Neck pain is often a temporary problem caused by a strain. However, sometimes neck pain can signal a more serious problem. If your child's neck hurts, he or she may:
Neck pain is usually caused by strained neck muscles. The most common modern cause is working with the head down in a flexed position. Such head tilting occurs with texting or looking at smart devices.
Other triggers are sleeping in an awkward position, carrying a backpack improperly, reading in bed, sitting for too long at the computer, playing a sport, or other similar activities.
A stiff neck (your child can't bend forward and touch his chin to the chest) can be an early symptom of meningitis. In this case your child usually will also have a fever. Any child suspected of having meningitis needs to be seen immediately.
Serious spinal cord injury can result from diving injuries, trampoline injuries, or other accidents involving the neck. Children who have suffered such an accident should not be moved until a neck brace or spine board has been applied by a rescue squad.
A strained neck isn't serious and usually lasts 1 to 2 weeks.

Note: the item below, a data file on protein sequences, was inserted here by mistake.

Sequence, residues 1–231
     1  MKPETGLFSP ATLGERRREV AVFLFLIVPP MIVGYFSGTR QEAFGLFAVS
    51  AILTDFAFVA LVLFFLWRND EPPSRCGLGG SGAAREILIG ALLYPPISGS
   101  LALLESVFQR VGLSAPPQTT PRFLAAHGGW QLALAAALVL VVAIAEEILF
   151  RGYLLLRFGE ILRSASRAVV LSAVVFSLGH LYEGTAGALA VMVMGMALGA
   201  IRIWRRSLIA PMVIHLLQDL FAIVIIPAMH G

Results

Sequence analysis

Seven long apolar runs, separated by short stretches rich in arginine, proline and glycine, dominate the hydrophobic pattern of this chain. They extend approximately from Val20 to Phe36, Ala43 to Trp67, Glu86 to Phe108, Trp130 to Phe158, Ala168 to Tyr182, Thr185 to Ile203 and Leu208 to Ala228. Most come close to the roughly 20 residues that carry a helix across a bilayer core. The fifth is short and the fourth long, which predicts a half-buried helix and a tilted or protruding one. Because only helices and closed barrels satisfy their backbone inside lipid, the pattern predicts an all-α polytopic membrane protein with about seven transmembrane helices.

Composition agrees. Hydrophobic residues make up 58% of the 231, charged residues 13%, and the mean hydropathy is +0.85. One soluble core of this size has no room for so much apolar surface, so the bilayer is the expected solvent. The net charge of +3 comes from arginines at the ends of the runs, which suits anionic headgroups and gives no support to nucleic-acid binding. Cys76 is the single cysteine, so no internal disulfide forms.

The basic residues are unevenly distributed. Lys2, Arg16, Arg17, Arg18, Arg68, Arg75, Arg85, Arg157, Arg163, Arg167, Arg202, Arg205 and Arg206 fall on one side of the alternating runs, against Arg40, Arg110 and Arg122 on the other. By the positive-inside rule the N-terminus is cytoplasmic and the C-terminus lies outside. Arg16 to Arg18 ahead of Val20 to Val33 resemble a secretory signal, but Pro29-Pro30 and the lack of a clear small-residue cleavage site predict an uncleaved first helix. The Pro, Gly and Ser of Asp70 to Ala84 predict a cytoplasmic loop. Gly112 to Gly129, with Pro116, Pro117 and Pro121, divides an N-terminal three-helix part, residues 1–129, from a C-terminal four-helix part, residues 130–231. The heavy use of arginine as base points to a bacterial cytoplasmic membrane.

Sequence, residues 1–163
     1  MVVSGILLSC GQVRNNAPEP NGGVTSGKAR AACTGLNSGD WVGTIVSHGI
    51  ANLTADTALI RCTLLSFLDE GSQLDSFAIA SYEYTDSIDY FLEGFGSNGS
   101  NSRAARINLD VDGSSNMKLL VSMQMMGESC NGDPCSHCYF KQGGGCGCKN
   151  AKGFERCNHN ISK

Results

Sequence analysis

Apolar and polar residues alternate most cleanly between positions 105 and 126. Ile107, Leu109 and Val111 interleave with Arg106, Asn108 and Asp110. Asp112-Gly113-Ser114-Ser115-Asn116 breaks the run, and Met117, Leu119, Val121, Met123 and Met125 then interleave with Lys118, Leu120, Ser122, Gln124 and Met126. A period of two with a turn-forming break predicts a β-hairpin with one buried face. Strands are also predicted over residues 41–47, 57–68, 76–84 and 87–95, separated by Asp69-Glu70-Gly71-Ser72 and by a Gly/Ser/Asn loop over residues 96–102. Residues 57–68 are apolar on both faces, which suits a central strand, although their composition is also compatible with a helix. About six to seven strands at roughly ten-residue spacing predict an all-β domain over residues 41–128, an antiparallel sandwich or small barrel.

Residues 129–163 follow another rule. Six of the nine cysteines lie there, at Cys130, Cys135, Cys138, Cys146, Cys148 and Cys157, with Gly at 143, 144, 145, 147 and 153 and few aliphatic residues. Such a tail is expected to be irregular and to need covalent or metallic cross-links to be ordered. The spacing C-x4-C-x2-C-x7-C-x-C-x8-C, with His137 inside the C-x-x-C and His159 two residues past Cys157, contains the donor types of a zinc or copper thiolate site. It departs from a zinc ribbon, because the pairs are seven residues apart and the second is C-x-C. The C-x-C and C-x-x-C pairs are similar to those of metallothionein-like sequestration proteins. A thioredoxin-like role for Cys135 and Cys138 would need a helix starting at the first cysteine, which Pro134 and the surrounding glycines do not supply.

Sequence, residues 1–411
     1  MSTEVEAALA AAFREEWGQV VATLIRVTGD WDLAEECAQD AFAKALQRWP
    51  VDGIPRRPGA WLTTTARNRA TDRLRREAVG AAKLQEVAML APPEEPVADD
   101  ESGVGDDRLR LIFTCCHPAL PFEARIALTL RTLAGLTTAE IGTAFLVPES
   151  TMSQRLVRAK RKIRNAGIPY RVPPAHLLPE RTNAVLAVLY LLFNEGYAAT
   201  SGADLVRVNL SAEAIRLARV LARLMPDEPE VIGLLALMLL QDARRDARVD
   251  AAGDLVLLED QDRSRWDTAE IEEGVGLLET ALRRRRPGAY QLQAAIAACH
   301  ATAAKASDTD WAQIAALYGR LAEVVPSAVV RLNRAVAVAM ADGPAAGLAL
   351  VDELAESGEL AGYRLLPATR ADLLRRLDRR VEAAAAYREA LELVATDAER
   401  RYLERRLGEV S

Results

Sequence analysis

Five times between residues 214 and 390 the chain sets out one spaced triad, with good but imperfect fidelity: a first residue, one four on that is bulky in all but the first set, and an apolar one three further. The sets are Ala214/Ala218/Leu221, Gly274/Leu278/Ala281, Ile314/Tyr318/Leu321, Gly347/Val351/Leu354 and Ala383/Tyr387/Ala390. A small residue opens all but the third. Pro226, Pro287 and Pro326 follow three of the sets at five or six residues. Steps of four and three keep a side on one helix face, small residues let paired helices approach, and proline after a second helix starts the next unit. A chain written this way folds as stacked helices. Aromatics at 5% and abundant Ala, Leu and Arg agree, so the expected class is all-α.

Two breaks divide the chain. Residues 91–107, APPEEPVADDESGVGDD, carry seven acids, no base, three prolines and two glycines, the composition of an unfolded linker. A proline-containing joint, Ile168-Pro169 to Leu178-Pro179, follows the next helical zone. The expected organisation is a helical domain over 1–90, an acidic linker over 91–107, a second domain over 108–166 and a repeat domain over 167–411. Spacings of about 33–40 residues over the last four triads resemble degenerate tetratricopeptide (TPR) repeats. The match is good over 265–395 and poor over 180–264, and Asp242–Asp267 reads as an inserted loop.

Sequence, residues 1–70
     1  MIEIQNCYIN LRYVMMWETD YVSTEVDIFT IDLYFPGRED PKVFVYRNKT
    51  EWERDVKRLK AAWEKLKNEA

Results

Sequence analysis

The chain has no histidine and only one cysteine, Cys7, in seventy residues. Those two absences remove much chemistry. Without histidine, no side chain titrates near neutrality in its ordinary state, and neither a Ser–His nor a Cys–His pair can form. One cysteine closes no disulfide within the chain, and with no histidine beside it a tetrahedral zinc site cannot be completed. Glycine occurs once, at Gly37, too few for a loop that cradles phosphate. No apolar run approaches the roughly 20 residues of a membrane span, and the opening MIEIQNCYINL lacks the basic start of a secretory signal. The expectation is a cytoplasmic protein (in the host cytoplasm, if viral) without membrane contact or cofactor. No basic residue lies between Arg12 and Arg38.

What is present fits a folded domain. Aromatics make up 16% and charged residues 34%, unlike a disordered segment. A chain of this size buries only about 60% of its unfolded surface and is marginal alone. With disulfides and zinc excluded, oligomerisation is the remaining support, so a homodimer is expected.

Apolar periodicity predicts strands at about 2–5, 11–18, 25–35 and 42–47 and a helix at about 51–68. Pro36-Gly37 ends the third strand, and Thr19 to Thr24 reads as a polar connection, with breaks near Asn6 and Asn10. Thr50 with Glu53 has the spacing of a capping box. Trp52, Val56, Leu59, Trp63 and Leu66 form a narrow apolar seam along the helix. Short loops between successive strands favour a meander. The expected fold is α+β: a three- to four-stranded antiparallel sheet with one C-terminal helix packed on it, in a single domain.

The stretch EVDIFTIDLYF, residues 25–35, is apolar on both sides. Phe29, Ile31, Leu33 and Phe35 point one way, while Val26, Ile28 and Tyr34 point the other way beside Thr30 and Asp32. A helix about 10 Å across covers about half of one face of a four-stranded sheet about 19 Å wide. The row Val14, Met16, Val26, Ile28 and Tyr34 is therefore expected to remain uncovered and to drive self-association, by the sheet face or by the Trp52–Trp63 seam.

Give acetaminophen (Tylenol) or ibuprofen (Advil) until your child has gone 24 hours without any pain. This is the most important part of treatment because neck pain causes muscle spasm and thus more pain, and these medicines can stop this cycle.
During the first 2 days, massage the sore muscles with a cold pack or ice pack for 20 minutes 4 times per day. To avoid frostbite, do not leave the cold packs on too long.
After 2 days, put a heating pad, hot water bottle, or hot shower spray on the most painful area for 20 minutes to relieve muscle spasm. Do this whenever the pain flares up.
Your child may prefer to wear a foam neck collar at night. This will keep the head from moving too much during sleep. (You can buy a foam collar at a pharmacy.)
Your child should avoid any neck strengthening exercises until he is completely well. However, stretching exercises may be helpful, as long as they don’t increase the pain.
If your child has had more than one neck ache, usually he has an activity or habit that overstresses the neck muscles. Long periods of looking down is the most common one. Seen mainly with texting or using other mobile devices. Teens need to take breaks or sometimes hold the device at eye level.
Other activities to avoid are working with the neck turned or bent backward, carrying heavy objects on the head, carrying heavy objects with one arm (instead of both arms), standing on the head, contact sports, or even friendly wrestling.
Also, improve the tone of the neck muscles with 2 or 3 minutes of neck stretching exercises per day. Helpful stretching exercises are touching the chin to each shoulder, trying to touch the ear to the shoulder without raising the shoulder, and moving the head forward and backward. Don't apply any resistance (counterforce) during the stretching exercises.
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